Yinong Li, Xi Chen, G.F.(Ciska) Veen, Nico Eisenhauer, Yu Liang, Xiaomei Zhou, Naili Zhang, Keping Ma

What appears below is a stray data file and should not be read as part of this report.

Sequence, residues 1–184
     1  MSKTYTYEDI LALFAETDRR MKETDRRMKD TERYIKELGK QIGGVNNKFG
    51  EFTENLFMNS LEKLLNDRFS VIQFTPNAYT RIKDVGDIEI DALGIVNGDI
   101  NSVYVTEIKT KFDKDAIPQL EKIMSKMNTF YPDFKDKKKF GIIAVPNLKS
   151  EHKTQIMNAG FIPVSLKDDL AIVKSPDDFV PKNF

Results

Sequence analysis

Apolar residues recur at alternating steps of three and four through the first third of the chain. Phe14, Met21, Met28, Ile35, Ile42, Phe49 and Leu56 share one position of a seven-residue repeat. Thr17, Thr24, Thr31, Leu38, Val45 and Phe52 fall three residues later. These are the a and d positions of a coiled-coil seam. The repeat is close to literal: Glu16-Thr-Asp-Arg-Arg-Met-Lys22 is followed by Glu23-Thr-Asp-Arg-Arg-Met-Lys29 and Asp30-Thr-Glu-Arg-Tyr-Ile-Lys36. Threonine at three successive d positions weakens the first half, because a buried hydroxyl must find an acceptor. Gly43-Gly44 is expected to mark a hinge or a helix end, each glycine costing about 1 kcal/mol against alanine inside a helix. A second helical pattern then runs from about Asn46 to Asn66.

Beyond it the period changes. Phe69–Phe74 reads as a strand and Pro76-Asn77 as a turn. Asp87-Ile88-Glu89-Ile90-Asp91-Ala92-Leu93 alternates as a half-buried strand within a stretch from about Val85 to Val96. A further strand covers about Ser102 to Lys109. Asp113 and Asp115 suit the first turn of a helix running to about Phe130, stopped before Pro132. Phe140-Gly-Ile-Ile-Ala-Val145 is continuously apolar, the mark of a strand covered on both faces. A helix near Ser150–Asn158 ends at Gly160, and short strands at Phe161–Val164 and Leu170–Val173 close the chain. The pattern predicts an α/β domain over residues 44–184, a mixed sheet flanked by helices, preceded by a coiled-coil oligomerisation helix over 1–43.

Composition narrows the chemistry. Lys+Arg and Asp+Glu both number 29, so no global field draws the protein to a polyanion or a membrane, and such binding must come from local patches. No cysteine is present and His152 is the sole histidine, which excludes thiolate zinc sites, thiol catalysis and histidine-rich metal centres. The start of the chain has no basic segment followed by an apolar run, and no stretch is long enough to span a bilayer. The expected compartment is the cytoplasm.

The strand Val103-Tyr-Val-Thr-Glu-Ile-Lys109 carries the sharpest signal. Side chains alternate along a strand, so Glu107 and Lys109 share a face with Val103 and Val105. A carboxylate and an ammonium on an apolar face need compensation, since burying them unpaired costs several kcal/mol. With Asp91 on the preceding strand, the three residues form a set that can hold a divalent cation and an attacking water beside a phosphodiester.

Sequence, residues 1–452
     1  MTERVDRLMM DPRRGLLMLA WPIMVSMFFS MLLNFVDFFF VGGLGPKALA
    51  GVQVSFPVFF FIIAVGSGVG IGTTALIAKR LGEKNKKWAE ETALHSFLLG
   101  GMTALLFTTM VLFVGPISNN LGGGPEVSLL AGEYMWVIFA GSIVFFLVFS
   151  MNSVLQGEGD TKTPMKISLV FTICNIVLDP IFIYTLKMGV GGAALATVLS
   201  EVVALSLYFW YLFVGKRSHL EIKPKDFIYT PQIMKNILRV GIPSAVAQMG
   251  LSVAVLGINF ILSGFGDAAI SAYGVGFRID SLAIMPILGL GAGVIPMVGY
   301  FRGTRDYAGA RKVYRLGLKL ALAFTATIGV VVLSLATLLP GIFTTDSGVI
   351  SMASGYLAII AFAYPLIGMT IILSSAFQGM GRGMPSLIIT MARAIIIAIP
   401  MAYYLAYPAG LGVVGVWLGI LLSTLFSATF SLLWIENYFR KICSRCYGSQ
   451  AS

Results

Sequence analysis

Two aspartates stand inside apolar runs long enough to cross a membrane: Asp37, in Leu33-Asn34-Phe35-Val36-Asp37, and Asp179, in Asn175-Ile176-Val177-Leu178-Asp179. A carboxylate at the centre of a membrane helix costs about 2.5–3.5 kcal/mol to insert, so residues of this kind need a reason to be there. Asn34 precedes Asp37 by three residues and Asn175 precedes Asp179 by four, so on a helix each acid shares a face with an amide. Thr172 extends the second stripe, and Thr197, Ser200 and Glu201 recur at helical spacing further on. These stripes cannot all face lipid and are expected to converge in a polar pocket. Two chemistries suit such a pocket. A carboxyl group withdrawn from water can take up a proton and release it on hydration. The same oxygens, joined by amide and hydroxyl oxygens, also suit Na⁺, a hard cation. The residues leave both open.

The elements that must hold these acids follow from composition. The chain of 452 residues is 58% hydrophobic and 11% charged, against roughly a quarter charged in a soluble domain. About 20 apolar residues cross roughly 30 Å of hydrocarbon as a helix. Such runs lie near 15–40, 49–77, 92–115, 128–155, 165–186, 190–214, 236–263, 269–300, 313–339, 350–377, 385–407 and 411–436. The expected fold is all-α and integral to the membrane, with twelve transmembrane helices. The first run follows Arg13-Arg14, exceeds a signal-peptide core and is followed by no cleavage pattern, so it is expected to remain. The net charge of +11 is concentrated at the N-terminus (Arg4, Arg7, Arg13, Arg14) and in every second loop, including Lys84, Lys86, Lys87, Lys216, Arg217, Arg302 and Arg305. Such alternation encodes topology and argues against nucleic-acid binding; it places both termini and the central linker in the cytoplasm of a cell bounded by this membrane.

Roots form a major source of organic material in the soil and thus represent a key driver of soil carbon and nutrient cycling. Over the last decade, an increasing number of studies have aimed to unravel the role of roots and root traits in the functioning of ecosystems. Here, we investigate how changes in species richness of root litter affect the decomposition of root material. We established a litterbag experiment in a subtropical forest of southeastern China. Litterbags with roots of one, two, four, and eight plant species were deployed in the soil for nearly three years. During the decomposition process, some of litterbags were invaded by detritivores, allowing us to test the effect of detritivores on root mass loss and their interaction with root diversity. We found that root diversity did not change root mass loss in the absence of detritivores. However, all litter types decomposed faster in the presence of detritivores. Notably, the detritivores increased root litter decomposition more at low root diversity (especially single species) than at high root diversity. Detritivore effects were most pronounced during the early stages of decomposition. This differential effect of detritivores on decomposition might depend on the presence and proportion of easily-degradable plant species (i.e. Pinus massoniana and Syzygium buxifolium) in the root mixture, because they might be more attractive to detritivores. Our results highlight the importance of detritivores in decomposing root litter in systems containing different combinations of plants.